Story: Hydroelectricity

Pātea power

Pātea power

Pātea’s first power station, shown here during construction, was opened in 1902. The thin pipe running down the hill behind the power house building would carry water from a nearby dam to the turbines. Generating 40 kilowatts, the power station supplied street and home lighting. It ran from dusk to midnight all year, and 6 a.m. to 8 a.m. in winter. When electric irons became widely available, its hours were extended on Mondays and Tuesdays.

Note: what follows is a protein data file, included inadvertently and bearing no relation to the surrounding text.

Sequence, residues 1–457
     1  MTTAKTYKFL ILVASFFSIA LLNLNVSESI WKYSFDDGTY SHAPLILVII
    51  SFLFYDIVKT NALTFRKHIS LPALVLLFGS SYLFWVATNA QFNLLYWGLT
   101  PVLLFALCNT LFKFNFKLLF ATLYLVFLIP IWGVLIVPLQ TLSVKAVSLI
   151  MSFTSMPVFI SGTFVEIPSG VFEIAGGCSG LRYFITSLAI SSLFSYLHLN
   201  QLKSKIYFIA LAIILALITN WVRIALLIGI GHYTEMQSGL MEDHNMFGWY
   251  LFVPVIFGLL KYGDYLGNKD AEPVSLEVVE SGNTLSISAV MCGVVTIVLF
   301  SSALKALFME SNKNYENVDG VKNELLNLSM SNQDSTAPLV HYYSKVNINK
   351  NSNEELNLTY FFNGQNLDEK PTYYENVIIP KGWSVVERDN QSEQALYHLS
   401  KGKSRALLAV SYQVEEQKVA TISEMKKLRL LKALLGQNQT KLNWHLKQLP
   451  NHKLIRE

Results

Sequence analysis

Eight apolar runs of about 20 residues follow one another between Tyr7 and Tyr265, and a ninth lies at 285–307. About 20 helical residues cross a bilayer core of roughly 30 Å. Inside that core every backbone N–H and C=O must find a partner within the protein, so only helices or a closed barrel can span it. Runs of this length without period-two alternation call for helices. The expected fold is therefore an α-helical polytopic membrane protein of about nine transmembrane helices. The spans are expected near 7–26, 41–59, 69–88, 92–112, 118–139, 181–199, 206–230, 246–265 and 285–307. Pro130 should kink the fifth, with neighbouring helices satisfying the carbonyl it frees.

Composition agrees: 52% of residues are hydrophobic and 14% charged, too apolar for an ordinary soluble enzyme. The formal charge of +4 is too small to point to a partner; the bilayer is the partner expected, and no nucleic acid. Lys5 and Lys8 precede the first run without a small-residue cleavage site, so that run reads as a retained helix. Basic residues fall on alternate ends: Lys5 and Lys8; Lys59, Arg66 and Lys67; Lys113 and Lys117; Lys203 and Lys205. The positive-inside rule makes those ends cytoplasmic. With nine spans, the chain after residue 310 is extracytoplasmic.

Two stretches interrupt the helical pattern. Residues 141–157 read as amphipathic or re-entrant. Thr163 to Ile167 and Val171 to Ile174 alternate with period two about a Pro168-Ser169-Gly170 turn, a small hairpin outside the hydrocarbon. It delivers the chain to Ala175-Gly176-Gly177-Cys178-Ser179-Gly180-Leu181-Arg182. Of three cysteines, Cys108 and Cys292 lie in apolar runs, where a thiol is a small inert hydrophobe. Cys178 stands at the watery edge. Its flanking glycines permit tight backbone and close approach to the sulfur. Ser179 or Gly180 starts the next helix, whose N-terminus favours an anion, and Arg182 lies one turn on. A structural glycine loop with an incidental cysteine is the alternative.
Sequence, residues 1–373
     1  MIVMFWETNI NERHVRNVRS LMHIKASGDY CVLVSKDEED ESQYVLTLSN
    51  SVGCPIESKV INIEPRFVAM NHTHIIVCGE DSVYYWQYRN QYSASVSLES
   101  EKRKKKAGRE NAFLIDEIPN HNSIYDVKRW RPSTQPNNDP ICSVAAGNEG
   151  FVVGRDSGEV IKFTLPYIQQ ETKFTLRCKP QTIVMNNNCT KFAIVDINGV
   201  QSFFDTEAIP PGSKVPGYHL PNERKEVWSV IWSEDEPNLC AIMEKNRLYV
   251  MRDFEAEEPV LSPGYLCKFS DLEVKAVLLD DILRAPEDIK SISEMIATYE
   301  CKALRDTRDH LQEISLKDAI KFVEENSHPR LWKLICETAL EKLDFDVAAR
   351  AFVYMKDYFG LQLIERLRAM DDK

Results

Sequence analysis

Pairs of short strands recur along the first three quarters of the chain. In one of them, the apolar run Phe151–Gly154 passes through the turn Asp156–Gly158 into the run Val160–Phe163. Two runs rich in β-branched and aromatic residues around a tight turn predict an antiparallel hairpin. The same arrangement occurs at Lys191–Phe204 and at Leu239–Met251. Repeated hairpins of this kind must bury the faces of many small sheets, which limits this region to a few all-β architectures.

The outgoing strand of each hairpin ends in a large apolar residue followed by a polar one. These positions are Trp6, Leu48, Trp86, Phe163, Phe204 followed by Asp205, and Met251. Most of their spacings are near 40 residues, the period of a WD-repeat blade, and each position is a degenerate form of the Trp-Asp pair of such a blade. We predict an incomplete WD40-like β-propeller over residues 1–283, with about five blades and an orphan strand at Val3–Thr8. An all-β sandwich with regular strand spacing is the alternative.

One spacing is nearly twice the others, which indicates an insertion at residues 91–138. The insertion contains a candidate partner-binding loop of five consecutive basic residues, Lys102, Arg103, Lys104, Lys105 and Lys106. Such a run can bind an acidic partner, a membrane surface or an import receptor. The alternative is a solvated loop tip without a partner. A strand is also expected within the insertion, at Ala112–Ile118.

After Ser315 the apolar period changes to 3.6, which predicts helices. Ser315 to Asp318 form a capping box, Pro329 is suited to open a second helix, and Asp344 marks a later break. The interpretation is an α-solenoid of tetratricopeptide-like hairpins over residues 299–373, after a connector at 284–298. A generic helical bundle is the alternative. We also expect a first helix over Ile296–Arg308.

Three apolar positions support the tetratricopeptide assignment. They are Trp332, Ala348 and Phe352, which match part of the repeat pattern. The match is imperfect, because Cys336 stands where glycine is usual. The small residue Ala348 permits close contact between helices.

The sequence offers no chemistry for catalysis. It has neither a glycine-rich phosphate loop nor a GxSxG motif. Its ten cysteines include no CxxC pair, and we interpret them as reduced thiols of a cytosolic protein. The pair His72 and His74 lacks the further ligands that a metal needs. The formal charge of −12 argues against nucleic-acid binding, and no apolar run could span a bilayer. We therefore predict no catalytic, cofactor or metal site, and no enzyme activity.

The power station was positioned on a ledge on a seaside cliff. In 1920 the dam above the station burst during a storm, sweeping the two attendants and their hut onto the tiny beach below. Both men survived. Although the power station and machinery were left intact, a new, concrete powerhouse was built further down the cliff.

Using this item

Alexander Turnbull Library, Beatrice Grossman Collection
Reference: 1/2-022840; F

Permission of the Alexander Turnbull Library, National Library of New Zealand, Te Puna Mātauranga o Aotearoa, must be obtained before any re-use of this image.

All images & media in this story

How to cite this page:

John E. Martin, 'Hydroelectricity - Hydro, 19th and early 20th centuries', Te Ara - the Encyclopedia of New Zealand, (accessed 28 June 2022)

Story by John E. Martin, published 11 Mar 2010